Great Lakes Essential Resources: Economy & Shipping
The Great Lakes have been essential trading routes for centuries, connecting the inland of the United States and Canada to the Atlantic Ocean via the St. Lawrence Seaway. Today, they remain vital to the present economy of the surrounding region and to the quality of life of its residents, providing drinking water for more than 33 million people in Canada and the United States, supplying hydroelectric power, supporting industries, providing waterborne transportation, and offering a variety of recreational opportunities.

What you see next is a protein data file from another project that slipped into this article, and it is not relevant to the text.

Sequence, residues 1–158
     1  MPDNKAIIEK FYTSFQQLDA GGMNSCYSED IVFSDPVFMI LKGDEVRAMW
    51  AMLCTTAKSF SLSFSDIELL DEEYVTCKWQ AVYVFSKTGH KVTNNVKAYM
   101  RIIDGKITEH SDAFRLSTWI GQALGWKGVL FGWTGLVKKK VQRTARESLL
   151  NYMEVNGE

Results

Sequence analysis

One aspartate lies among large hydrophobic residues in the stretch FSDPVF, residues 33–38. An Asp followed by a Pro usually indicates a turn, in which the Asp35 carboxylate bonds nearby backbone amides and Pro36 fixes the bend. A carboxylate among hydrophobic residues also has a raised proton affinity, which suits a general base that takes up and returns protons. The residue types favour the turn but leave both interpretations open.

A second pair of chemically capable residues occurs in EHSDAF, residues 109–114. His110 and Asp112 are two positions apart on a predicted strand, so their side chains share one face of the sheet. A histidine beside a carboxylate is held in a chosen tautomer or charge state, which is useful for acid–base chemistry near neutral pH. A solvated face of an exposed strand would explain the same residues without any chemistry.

Please note that while tourism is large part of Great Lakes economy, modern tourism resources for trip planning purposes are not within the current scope of this guide.
Present Day Economy in the Great Lakes
Canals and the Great Lakes Economy
Soo Locks (Sault Sainte Marie Canals)
Sault Sainte Marie Canal and lock link Lakes Huron and Superior.
Provides navigation for large vessels between Lake Erie to the south and Lake Ontario to the north and forms an important link in the St. Lawrence Seaway. The canal was necessary because the Niagara River, the natural connection between Lakes Erie and Ontario, has impassable falls and rapids.
The Erie Canal connected the Great Lakes with New York City via the Hudson River at Albany.
Illinois and Michigan Canal
The Illinois and Michigan Canal connected the waters of the Illinois River with those of Lake Michigan.
Historical Look - selected resources
Shipping History on the Great Lakes
A Brief Look at Historic Tourism on the Great Lakes